If you didn’t already know, July 11 marks World Population Day, this year the theme is “8 Billion; Towards the resilient future for all- Harnessing opportunities and ensuring Rights and Choices for All which is aptly put as the globe inches towards the figure at 7.8 billion.
Established by the United Nations to bring awareness to population growth the records showed that in 2011, the world reached a population of 7 billion, and this year, the number is expected to hit 8 billion. Some will marvel at the advancements in health that have extended lifespans, reduced maternal mortality, and child mortality, and given rise to vaccine development in record time. Others will tout technological innovations that have eased our lives and connected us more than ever.
In Malaysia, the growth in population is healthy and robust, the country is now nearing 32.4 million adding close to 500k annually. Selangor continues to hold the title as the most populous state in the country with 7 million residents while Wilayah Persekutuan seems to be the densest with 8157 people per kilometre sq.
As for global population growth, China retains the position as the most populous with 1.4 billion while the world adds an average of 83 million babies onto her planet every year.
Perak as seen on the Department of Statistics chart indicates to be having the most elderly population likely to be a major attraction for retirement due to its serene landscape and lush vegetation. Globally Japan holds the honour of having the most elderly population which has become a boon and bane for the Eastern nation.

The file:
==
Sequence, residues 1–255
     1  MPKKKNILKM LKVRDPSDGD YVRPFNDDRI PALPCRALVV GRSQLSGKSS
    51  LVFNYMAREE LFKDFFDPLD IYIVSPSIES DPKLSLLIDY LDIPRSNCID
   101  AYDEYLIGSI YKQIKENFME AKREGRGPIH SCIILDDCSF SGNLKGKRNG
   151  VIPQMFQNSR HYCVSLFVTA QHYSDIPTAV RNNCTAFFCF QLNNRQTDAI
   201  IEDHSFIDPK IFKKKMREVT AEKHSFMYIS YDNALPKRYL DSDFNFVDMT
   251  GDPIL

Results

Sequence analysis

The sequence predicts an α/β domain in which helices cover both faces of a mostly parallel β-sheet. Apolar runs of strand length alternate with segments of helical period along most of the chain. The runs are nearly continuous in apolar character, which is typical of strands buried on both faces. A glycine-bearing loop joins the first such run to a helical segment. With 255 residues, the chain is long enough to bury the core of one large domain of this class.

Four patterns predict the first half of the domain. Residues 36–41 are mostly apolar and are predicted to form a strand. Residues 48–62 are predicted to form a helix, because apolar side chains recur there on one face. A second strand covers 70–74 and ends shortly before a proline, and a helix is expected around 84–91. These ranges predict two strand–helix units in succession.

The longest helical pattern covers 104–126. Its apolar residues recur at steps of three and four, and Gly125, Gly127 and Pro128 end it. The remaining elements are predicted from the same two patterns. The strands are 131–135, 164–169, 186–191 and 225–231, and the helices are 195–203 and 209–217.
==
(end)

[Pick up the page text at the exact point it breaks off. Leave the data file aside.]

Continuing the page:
To give perspective on population growth from the early days to modern times, if we look back it took hundreds of thousands of years for the world population to grow to 1 billion – then in just another 200 years or so, it grew sevenfold. In 2011, the global population reached the 7 billion mark, it stands at almost 7.9 billion in 2021, and it’s expected to grow to around 8.5 billion in 2030, 9.7 billion in 2050, and 10.9 billion in 2100.
This dramatic growth has been driven largely by increasing numbers of people surviving to reproductive age and has been accompanied by major changes in fertility rates, increasing urbanization, and accelerating migration. The United Nations reckons these trends will have far-reaching implications for generations to come.
Did you know?
The life span of adults in the developed world has increased since the middle of the 20th century – the number of people reaching the age of 100 years has never been greater than it is today.